Did General Petraeus’ Lover’s Husband Ask Ethicist Chuck Klosterman For Advice? [Updated: No]

 Did General Petraeus Lovers Husband Ask Ethicist Chuck Klosterman For Advice? [Updated: No]Did some of the details of General David Petraeus’ alleged affair ring a bell? Maybe that’s because it is awfully reminiscent of a certain conundrum presented in The New York Times Magazine‘s Ethicist column last July.

“My wife is having an affair with a government executive,” began a letter to The Ethicist aka writer Chuck Kolsterman. “His role is to manage a project whose progress is seen worldwide as a demonstration of American leadership. (This might seem hyperbolic, but it is not an exaggeration.)” Sure, sounds similar. But is it? Speculation on the identity of the beleaguered husband began after the letter to the Ethicist was shared on Twitter in the aftermath of the news of the affair.

Who knows? But if it is, it seems a bit troubling that the husband of the woman having an affair with General Petraeus is seeking advice from the author of Sex, Drugs and Cocca Puffs? Although Mr. Klosterman does give good advice, namely that if your wife’s lover is really as high profile as the letter suggests, perhaps the author of the letter had ulterior motives for writing to The New York Times.

“Part of me wonders why you’re even posing this question, particularly in a column that is printed in The New York Times,” wrote Mr. Klosterman. Sounds sensible. Maybe more people caught up in scandals should write in to The Times and ask Mr. Klosterman’s advice.

Regardless of the actual identity of the letter writer, it sure is fun to reread in light of yesterday’s news.

Update (9:56 p.m.): According to The New York Times Magazine, the letter in question was not by Scott Broadwell, husband of Paula Broadwell (who was having an affair with General Petraeus). Hugo Lindgren, the publication’s editor, indicated they had investigated the matter and determined that it wasn’t, in fact, related to General Petraeus.

“This @theethicist column http://nyti.ms/Scgf8j  (2nd Q) is NOT about the Petraeus affair, based on our factchecking. Strange, I know,” Mr. Lindgren tweeted this afternoon.

Although we don’t know who was seeking advice about their spouse’s affair with a government official, it sure sounds fun and interesting–demonstrating American leadership.

The letter to the Ethicist, and Mr. Klosterman’s response, below:

MY WIFE’S LOVER

My wife is having an affair with a government executive. His role is to manage a project whose progress is seen worldwide as a demonstration of American leadership. (This might seem hyperbolic, but it is not an exaggeration.) I have met with him on several occasions, and he has been gracious. (I doubt if he is aware of my knowledge.) I have watched the affair intensify over the last year, and I have also benefited from his generosity. He is engaged in work that I am passionate about and is absolutely the right person for the job. I strongly feel that exposing the affair will create a major distraction that would adversely impact the success of an important effort. My issue: Should I acknowledge this affair and finally force closure? Should I suffer in silence for the next year or two for a project I feel must succeed? Should I be “true to my heart” and walk away from the entire miserable situation and put the episode behind me? NAME WITHHELD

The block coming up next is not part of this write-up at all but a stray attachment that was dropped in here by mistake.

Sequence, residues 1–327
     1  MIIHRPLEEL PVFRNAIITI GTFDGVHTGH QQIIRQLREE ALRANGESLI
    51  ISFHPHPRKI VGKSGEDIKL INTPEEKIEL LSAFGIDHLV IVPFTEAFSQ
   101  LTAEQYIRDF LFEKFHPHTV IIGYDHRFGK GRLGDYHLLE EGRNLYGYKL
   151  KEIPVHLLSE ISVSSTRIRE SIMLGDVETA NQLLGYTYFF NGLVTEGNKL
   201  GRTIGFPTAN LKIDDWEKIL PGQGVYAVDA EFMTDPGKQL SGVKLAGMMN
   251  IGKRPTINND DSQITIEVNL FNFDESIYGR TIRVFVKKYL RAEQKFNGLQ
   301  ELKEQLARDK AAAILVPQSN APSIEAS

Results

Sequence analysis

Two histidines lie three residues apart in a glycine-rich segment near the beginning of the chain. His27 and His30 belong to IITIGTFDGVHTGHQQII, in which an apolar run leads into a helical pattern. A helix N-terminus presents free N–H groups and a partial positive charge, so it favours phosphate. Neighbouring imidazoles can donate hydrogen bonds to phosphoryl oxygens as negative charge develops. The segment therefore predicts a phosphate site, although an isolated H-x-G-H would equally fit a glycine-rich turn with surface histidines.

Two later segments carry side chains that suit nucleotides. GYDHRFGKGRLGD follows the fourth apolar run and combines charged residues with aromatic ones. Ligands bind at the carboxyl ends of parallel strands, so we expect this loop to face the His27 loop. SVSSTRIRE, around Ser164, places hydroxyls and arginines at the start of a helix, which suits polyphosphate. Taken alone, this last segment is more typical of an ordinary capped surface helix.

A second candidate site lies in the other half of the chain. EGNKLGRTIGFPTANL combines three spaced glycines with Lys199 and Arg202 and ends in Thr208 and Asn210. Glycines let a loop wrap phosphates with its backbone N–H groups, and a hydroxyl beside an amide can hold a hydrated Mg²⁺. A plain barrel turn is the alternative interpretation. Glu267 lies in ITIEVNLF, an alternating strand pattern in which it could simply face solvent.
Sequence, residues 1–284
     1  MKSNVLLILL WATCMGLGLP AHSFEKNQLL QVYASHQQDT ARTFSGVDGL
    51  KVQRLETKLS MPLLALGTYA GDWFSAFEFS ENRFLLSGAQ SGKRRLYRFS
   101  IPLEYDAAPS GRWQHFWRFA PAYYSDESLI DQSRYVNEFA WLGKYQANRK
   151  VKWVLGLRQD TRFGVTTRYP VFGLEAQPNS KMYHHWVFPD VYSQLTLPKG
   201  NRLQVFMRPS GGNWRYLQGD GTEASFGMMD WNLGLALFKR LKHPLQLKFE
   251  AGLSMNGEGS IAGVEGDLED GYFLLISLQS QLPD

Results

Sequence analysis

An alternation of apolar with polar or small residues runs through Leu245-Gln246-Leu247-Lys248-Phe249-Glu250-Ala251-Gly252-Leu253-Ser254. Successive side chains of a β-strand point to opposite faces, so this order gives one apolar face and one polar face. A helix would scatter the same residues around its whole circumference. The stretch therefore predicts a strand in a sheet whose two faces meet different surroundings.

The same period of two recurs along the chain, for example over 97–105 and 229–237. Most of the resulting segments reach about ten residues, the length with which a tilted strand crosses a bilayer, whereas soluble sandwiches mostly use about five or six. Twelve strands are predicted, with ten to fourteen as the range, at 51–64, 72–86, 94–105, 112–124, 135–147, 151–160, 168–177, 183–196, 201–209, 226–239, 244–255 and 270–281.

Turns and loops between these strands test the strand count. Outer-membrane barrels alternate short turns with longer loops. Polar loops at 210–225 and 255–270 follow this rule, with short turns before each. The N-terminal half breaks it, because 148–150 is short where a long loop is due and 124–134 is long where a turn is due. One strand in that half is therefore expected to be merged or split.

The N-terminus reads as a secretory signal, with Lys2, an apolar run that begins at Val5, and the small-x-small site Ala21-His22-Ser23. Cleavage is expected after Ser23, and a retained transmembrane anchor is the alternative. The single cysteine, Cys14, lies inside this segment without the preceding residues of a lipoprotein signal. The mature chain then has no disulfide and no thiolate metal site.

Don’t expose the affair in any high-profile way. It would be different if this man’s project was promoting some (contextually hypocritical) family-values platform, but that doesn’t appear to be the case. The only motive for exposing the relationship would be to humiliate him and your wife, and that’s never a good reason for doing anything. This is between you and your spouse. You should tell her you want to separate, just as you would if she were sleeping with the mailman. The idea of “suffering in silence” for the good of the project is illogical. How would the quiet divorce of this man’s mistress hurt an international leadership initiative? He’d probably be relieved.

The fact that you’re willing to accept your wife’s infidelity for some greater political good is beyond honorable. In fact, it’s so over-the-top honorable that I’m not sure I believe your motives are real. Part of me wonders why you’re even posing this question, particularly in a column that is printed in The New York Times.

Your dilemma is intriguing, but I don’t see how it’s ambiguous. Your wife is having an affair with a person you happen to respect. Why would that last detail change the way you respond to her cheating? Do you admire this man so much that you haven’t asked your wife why she keeps having sex with him? I halfway suspect you’re writing this letter because you want specific people to read this column and deduce who is involved and what’s really going on behind closed doors (without actually addressing the conflict in person). That’s not ethical, either.